Of the two cameras under consideration, the Panasonic LF1 features a 1/1.7-inch sensor and the Panasonic LX100 a Four Thirds sensor. The sensor area in the LX100 is 330 percent bigger. As a result of these sensor size differences, the cameras have a format factor of, respectively, 4.5 and 2.2. Both cameras feature a native aspect ratio (sensor width to sensor height) of 4:3. The LX100 has the particularity of featuring a switch that allows to toggle between multiple aspect ratios, while maintaining the same field of view and full image resolution.
With 12.7MP, the LX100 offers a higher resolution than the LF1 (12MP), but the LX100 nevertheless has larger individual pixels (pixel pitch of 3.82μm versus 1.89μm for the LF1) due to its larger sensor. Moreover, the LX100 is a somewhat more recent model (by 1 year and 4 months) than the LF1, and its sensor might have benefitted from technological advances during this time that further enhance the light gathering capacity of its pixel-units.
The Panasonic Lumix DMC-LF1 has a native sensitivity range from ISO 80 to ISO 6400, which can be extended to ISO 80-12800. The corresponding ISO settings for the Panasonic Lumix DMC-LX100 are ISO 200 to ISO 25600, with the possibility to increase the ISO range to 100-25600.
For many cameras, data on sensor performance has been reported by DXO Mark. This service assesses and scores the color depth ("DXO Portrait"), dynamic range ("DXO Landscape"), and low-light sensitivity ("DXO Sports") of camera sensors, and also publishes an overall camera score. Of the two cameras under consideration, the LX100 offers substantially better image quality than the LF1 (overall score 15 points higher). The advantage is based on 1.5 bits higher color depth, 0.9 EV in additional dynamic range, and 1.4 stops in additional low light sensitivity. The following table provides an overview of the physical sensor characteristics, as well as the sensor quality measurements for a selection of comparators.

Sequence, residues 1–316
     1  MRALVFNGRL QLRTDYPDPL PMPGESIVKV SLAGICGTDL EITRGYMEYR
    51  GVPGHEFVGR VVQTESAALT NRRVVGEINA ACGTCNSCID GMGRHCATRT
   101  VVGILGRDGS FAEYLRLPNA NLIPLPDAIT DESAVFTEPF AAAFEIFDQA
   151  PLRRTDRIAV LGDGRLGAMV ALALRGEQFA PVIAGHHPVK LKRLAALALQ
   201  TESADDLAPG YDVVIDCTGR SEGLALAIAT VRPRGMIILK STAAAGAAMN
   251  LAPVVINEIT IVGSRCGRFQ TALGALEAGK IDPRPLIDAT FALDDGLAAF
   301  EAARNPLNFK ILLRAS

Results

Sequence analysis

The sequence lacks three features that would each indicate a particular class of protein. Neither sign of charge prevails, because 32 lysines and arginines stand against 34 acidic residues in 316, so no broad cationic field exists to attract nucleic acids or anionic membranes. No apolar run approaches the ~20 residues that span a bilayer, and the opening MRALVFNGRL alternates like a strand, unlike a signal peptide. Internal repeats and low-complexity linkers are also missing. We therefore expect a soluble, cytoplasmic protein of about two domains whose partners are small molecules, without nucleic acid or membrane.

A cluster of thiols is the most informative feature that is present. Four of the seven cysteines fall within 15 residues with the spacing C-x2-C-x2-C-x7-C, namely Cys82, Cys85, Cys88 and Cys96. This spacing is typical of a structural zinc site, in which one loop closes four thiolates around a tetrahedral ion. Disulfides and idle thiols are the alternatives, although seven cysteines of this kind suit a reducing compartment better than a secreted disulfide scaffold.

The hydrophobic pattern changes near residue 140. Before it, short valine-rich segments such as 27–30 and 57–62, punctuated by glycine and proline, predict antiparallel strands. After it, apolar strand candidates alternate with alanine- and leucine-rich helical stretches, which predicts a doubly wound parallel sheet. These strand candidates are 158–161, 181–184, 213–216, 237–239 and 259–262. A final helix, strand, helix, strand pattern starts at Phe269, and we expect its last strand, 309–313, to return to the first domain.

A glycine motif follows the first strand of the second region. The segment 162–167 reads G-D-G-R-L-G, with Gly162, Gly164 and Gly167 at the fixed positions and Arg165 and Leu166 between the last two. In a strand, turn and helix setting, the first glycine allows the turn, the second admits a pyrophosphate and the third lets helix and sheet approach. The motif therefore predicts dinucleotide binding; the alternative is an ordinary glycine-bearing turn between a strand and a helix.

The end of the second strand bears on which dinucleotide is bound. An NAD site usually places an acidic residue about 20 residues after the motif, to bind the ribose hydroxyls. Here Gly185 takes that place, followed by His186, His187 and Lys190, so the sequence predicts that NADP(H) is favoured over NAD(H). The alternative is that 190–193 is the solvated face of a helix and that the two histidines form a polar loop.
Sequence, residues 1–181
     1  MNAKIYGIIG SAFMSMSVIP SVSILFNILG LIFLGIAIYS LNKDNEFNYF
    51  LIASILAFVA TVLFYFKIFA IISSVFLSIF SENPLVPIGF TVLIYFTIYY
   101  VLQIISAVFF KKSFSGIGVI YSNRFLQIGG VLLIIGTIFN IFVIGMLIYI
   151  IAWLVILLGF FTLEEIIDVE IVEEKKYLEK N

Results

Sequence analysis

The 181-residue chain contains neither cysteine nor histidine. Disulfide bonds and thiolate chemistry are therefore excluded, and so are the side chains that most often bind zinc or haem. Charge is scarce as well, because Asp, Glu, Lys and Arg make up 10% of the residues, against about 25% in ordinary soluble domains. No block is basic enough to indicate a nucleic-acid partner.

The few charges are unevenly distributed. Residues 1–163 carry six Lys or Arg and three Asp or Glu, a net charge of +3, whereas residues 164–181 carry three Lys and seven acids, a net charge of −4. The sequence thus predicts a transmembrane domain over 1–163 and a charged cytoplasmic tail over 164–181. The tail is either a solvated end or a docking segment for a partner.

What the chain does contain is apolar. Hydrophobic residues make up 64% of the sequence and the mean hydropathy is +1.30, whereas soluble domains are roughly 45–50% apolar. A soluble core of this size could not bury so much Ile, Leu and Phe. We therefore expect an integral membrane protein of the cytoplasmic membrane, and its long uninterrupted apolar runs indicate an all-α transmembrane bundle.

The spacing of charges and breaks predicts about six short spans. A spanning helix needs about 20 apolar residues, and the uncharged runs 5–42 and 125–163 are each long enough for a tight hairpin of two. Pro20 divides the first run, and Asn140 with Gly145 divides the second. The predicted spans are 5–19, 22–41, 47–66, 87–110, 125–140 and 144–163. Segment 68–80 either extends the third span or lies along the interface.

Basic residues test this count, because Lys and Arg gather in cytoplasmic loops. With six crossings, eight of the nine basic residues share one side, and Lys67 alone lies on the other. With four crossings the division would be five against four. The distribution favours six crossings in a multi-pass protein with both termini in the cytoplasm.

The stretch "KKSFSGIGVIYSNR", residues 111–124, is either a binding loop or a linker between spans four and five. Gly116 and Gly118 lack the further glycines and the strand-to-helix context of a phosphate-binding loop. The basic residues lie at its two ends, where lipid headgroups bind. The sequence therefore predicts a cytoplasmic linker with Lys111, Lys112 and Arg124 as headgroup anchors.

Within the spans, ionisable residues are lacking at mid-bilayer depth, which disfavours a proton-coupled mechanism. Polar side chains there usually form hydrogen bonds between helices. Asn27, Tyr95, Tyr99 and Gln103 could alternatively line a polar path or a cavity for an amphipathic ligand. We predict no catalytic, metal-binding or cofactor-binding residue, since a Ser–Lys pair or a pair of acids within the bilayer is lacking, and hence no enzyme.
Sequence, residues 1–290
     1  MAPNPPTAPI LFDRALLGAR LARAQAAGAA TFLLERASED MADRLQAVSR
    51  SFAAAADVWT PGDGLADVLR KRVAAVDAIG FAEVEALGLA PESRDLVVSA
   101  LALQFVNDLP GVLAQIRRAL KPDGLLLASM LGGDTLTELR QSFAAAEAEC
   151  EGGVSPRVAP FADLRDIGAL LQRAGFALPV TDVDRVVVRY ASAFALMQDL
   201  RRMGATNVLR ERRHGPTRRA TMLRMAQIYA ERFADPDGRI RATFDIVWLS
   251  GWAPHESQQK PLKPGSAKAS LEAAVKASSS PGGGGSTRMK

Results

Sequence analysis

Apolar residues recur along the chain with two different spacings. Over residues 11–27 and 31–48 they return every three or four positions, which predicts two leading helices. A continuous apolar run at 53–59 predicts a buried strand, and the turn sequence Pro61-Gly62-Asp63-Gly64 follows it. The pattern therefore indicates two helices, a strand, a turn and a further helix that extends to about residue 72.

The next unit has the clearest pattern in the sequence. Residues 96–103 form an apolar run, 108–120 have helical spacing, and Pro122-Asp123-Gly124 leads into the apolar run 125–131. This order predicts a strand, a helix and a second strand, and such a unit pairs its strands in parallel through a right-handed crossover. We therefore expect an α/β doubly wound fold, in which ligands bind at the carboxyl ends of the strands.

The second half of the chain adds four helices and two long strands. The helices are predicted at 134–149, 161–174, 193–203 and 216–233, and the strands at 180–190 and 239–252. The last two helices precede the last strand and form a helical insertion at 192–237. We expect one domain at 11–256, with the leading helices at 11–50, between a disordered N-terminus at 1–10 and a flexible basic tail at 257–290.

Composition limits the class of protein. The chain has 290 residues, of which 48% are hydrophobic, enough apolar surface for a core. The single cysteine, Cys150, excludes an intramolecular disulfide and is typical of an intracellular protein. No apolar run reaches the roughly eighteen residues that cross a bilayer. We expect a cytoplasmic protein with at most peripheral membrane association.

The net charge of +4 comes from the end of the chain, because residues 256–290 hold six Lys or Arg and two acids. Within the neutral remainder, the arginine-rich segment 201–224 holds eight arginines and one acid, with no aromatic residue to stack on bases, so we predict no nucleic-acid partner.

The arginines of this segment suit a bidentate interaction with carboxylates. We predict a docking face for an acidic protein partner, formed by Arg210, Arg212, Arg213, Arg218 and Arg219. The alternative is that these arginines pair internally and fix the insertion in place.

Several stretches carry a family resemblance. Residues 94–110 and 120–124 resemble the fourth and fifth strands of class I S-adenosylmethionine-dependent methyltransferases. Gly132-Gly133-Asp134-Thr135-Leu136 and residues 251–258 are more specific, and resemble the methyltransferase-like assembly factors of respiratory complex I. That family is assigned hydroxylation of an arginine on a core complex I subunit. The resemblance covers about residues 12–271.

| DXO |
|Panasonic LX100||Four Thirds||12.7||4112||3088||4K/30p||22.3||12.5||553||67|
|Canon G1 X Mark II||1.5-inch||13.0||4160||3120||1080/30p||21.5||10.8||581||58|
|Panasonic LX100 II||Four Thirds||16.8||4736||3552||4K/30p||..||..||..||..|
|Panasonic G6||Four Thirds||15.9||4608||3456||1080/60p||21.3||11.5||639||61|
|Panasonic GM1||Four Thirds||15.8||4592||3448||1080/60i||22.3||11.7||660||66|
|Panasonic GF5||Four Thirds||12.0||4000||3000||1080/60i||21.4||11.6||618||61|